Q: What has enhanced magnification and illumination meant to endodontics?

A: The incorporation of quality loupes with headlights and/or dental microscopes into endodontic procedures has gained so much traction that it’s now almost considered a necessity. This is especially true in an aging population with calcified canals. Who would have thought just 10 to 15 years ago that microscopes would be used so much by GPs now? Enhanced magnification and illumination help us to look inside the endo access, diagnose hairline fractures, and find calcified canals better and faster. Furthermore, the clinician can keep the endodontic access opening smaller, thanks to improved visibility, and this conserves coronal tooth structure.

Q: What has 3-D imaging meant to endodontics?

A: This is a huge advance, and it is one of the most significant innovations we have ever seen. While many tools keep tweaking our clinical treatments, CBCT is often completely altering it.

Q: Could you discuss some examples of how CBCT is changing endodontics?

A: In many scenarios, CBCT is replacing the need for exploratory endodontic surgery or exploratory endodontic accesses. For instance, we can now determine exactly what canals have and have not been treated (including the infamous MB2 canal). We can diagnose resorptions and vertical bone loss (often indicative of a vertical fracture) better than ever before. And, best of all, this can be done without having to touch the patient, often saving patients from unnecessary surgical and nonsurgical endodontic treatments. With this in mind, we can treatment plan cases more accurately than ever before.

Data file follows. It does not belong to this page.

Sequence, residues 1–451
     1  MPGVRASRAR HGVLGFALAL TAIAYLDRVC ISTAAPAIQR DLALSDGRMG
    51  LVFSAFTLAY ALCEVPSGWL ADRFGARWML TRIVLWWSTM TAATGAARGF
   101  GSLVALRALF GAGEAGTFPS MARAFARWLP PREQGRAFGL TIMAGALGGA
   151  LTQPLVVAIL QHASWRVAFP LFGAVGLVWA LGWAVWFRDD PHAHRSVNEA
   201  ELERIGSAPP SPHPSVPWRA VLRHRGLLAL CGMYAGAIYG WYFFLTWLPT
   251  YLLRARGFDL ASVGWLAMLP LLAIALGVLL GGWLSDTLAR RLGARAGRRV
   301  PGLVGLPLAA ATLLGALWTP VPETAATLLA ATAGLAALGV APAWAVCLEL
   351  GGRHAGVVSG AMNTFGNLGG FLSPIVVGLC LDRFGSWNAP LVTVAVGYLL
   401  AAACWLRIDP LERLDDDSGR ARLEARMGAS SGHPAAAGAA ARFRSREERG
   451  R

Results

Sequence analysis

Q: Having practiced dentistry for 20 years, what do you find most impressive about endodontics now versus when you started?

A: The combined use of dental microscopes and CBCT means that the clinician can now see almost everything inside and outside a tooth, no matter how complex the site may be. The marriage between enhanced magnification and 3-D imaging means that we can diagnose, treatment plan, and treat potential endodontic cases unlike ever before.

Q: Any advice on new endodontic instruments?

A: If there’s a product that is new to you, then do your homework and see if it suits your style of practice, if it’s clinically relevant to your patients, and if the return on investment makes sense. Also, start using any new instrument or technique on easier cases, allowing yourself a bit of extra time and appreciating that anything new has a learning curve. All these things are important to consider and are simply common sense. You may think, “If it ain’t broke, don’t fix it!” But, if there’s something new that is truly better, one should seriously consider it.

Dr. Haas is a certified specialist in endodontics and is extensively involved in continuing education. He maintains a private practice in Toronto limited to endodontics and microsurgery. He can be reached at